After I got the door shut, I secured them in a waiting pen. (Wilbur started leaping in the aisle in glee!  Thankfully, he's ok!)  I gave them fresh, warm water and some hay.  I think they'll be pretty tired today.  Rams don't sleep well in conditions like that.  Wooly Bear was soaking up many chin scratches, and Wilbur got a bunch, too!  They sure are nice boys!  I am SOOOO thankful for their good temperaments, halter skills, and flock mentality!  Those good things saved the day.

So why don't I just let "hardy" sheep live through the wind chills and snow?  First, they are ALL valuable to me.  My culls are gone, and I've chosen to keep each one.  Losing any of them would be unacceptable, if I can help it!  And I know plenty of shepherds who've lost sheep in storms like this.  Second, while conditions in their homeland are frequently tough, it rarely is this cold and snowy there.  Temperatures here will be below zero (F) tonight, with ice and snow, and high winds all night.  When the wind blows, the air seems much, much colder.  Shetlands are very hardy, and are known to survive this just fine, but it does weaken them!!  Flocks left out in such hostile conditions have a higher mortality rate, and they require more feed to just stay alive.  That inefficiency sounds expensive to me!  By bringing the boys into the barn, they are out of the wind, shiver less or not at all, need less feed, drink more water, and continue to lick their salt and minerals.  Outside, they stop drinking, and won't mess around with salt or minerals, only eating hay, then laying back down to survive.   It is much easier, and better for them, to just bring them in and let them hang out for a day or two.  When the weather clears, they will happily return to their pasture.  There you have it!  Shepherding in snowy Wisconsin, and the realities of loving sheep.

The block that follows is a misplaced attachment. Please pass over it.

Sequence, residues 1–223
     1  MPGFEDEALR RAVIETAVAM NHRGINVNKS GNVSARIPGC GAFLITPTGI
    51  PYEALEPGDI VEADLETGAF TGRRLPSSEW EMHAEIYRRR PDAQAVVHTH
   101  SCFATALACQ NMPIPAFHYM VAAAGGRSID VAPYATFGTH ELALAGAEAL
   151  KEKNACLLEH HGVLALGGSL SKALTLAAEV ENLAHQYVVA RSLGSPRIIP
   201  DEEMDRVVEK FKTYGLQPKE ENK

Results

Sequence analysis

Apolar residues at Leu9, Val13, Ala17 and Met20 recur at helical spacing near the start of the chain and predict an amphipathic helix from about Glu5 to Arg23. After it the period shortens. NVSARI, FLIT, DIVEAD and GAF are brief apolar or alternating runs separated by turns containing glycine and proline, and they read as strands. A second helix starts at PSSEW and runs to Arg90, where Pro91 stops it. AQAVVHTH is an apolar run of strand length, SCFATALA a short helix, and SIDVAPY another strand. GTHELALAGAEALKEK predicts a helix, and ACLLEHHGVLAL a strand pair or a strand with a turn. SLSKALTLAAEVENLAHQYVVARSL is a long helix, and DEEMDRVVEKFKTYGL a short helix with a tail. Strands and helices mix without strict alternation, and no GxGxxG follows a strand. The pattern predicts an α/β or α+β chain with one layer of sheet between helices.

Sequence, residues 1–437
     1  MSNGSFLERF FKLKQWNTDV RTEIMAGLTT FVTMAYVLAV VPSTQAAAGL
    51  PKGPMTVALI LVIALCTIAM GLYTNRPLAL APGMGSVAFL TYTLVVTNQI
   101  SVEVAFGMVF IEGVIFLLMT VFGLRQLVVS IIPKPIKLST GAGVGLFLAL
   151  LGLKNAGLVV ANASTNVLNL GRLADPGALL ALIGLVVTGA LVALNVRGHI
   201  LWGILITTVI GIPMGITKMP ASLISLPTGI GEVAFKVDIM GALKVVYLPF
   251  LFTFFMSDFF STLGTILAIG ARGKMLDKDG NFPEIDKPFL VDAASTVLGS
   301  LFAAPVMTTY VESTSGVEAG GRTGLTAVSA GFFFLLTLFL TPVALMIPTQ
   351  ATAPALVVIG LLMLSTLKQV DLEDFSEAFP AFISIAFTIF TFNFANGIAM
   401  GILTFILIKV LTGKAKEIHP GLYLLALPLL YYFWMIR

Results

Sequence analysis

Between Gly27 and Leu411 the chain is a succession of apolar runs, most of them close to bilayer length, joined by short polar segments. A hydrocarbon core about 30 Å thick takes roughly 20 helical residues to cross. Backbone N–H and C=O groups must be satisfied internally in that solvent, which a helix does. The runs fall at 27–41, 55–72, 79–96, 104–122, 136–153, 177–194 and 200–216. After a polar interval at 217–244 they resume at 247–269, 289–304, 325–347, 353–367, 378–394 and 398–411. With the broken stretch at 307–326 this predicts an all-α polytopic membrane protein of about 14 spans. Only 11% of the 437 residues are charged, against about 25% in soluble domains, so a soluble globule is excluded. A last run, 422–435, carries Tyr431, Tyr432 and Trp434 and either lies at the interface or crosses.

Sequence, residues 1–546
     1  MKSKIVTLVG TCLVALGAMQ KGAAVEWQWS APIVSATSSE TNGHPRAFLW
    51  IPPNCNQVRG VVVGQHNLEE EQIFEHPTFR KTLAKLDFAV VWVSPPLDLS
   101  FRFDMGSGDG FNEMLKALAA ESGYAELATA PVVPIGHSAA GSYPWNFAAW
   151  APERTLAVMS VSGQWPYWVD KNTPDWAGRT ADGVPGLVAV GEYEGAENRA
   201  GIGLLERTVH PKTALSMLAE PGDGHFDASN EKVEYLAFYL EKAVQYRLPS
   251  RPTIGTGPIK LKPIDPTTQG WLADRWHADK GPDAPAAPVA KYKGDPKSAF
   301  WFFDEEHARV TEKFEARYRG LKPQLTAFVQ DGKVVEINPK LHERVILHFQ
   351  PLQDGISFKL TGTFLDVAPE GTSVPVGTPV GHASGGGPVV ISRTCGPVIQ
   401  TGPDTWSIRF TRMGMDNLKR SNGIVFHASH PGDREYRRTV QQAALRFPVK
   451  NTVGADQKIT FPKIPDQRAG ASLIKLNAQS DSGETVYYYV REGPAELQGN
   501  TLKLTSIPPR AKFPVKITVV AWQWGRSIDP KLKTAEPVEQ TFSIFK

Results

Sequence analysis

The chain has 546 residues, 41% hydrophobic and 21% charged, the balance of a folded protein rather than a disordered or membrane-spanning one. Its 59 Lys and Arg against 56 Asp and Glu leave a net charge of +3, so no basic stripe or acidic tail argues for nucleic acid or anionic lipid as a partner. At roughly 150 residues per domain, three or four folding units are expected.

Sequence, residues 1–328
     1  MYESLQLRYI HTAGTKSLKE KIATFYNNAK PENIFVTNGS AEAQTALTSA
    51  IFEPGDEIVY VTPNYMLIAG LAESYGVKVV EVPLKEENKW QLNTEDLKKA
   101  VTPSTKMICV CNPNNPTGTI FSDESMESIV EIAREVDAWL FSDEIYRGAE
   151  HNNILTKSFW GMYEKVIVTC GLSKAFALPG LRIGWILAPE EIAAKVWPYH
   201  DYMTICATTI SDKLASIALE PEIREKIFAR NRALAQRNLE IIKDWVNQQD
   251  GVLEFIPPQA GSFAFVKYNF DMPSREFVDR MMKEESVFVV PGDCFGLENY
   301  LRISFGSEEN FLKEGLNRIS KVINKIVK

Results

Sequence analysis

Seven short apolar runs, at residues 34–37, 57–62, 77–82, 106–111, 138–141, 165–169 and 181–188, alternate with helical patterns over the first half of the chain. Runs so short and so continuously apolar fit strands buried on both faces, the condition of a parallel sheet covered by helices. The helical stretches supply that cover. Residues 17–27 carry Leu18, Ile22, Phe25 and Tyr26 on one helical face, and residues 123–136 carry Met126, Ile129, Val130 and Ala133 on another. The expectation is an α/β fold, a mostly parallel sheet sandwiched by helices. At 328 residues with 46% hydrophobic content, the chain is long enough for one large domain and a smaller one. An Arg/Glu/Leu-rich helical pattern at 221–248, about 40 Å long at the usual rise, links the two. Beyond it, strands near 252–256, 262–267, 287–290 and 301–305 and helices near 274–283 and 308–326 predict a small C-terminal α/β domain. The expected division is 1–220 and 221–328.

Saturday, February 16, 2013

Look! Mouse! Over there! and Farm History

Even farm employees deserve some time off!
Resident Farm Clown, Goldie

I have more pictures coming of yarn!  But first, I though you'd enjoy this picture of goofy Goldie.  He is such a nice kitty.  You can see his old eye injury (his left), which doesn't do well in severe cold, so we are letting him in.  I think he's enjoying his house time, don't you? lol  By the looks of things, I think he's been doing his job pretty good...

It's a bright, sunny, but cold winter day here on Wheely Wooly Farm.  The hens are all sacked out in the one streak of sunshine they can find, the horses coats are nice and warm in the sun, and the sheep are playful today.  We had a lot of ice after all that rain last weekend so now that things are firming up, the sheep are happy to bound around again.  The nuthatch has been visiting our feeder frequently, as have the chickadees.  On Valentine's Day, I heard the cardinal sing his spring call for the first time this year.  Was a nice surprise!  I always love that.